Long pips vs no spin

Table Tennis Strokes and Technique

Last updated 9 years ago


D K Asked 9 years ago

Hello again

I have a problem with returning no spin serves with my long pips backhand.

I can do anything I want but the ball is always high and the opponent just smashes it.

I am also trying to twiddle, but the result is always the same.

Do you have any advice how to deal with it?

My primary strategy is to force the opponent to use slow spinny loop. But if an opponent uses no spin serve, I can do only a no spin high return or even higher weak chop.

Even if an opponent makes a smash, I know how to chop it back, but if I am playing a match I simply cannot force myself to go back, I will just become "frozen". Or i I am able to go back, I cannot force myself to make a chop, I just hit the smash and throw it higher. Do you have any idea why is it happening?

Alois Rosario

Alois Rosario Answered 9 years ago

Hi DK,

Against a no spin serve you need to push your bat forward fast and hard at the ball.  This will put a little more pressure on the server.

Twiddling can also work well if you can do it.  Practice twiddling even when you are not practicing.  You can do this in front of the TV as well.

Keep tracking the ball well all the way.  This will help you to make better choices of movement and move back when you see the ball go up higher.

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Gordon Hume

Gordon Hume Posted 9 years ago

Hi, DK

As an LP player myself, you have my sympathy: opponents who serve or return the ball with no spin are very tiresome -- and how they know it! LOL

As Alois says, a fast aggressive return can work, preferably to their crossover point to try and catch them out even if your return is too high -- but make it long to cut down their choices.  A Chen Weixing side-swipe can be good too (see here) to wherever they don't expect it.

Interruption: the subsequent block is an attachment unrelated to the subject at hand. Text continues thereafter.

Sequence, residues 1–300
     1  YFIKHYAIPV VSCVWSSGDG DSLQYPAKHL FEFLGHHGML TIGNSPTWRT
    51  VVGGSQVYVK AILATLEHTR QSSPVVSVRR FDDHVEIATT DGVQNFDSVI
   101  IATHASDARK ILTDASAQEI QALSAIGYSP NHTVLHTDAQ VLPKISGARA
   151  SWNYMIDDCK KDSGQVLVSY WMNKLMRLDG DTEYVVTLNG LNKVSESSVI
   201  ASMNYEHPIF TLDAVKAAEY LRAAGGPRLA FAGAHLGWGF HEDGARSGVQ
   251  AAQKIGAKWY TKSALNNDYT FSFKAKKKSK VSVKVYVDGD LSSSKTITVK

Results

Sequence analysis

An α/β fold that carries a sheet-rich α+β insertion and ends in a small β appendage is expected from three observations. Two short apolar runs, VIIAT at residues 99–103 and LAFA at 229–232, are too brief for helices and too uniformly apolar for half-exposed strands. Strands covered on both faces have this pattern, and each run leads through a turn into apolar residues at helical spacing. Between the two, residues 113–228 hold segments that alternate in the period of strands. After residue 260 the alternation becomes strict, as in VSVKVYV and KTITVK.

If, like me, you prefer to play matches closer to the table, you're going to need to move back at least a little way as soon as you feel you've given them an easy smash, etc, so maybe when you're practising your chopping from further back you could include a footwork exercise where you move forward to the table after each chop and then back off again quickly before the next ball.  That way it might become more automatic for you to "unfreeze" and move?

Good luck!


D K Posted 9 years ago

Thank you,both of you.


That is the main paradox: I am a player who likes playing from a long distance,because I need several seconds to react because of my poor eyesight (it does not allow me to see fast ball)

But I am often forced to attack because some of my opponents just push,and I have to push too,because I can not do a topspin (and in fact I hate using offensive strokes,but I know that they are sometimes neccesary),and also my trainer and teammates are trying to make me a long pips attacker like my strongest teammate,who is a backhand dominated longpips attacker. This confuses me,because everyone recommends me to avoid defending and I do not want to surrender my chop and these two things are interfering with each other


D K Posted 9 years ago

And alois:

I know WHEN I should go back
But the problem is that I am simply unable.....

Do you have any idea how to train it when no one wants to train with me?

Alois Rosario

Alois Rosario from PingSkills Posted 9 years ago

You can practice with a robot.  Practice a lot of footwork movements for a defender.  Take a look at this previous question and video response. Defensive Footwork.  I think it will help you.


D K Posted 9 years ago

Thank you very much

You are the first player who gives me  useful advices

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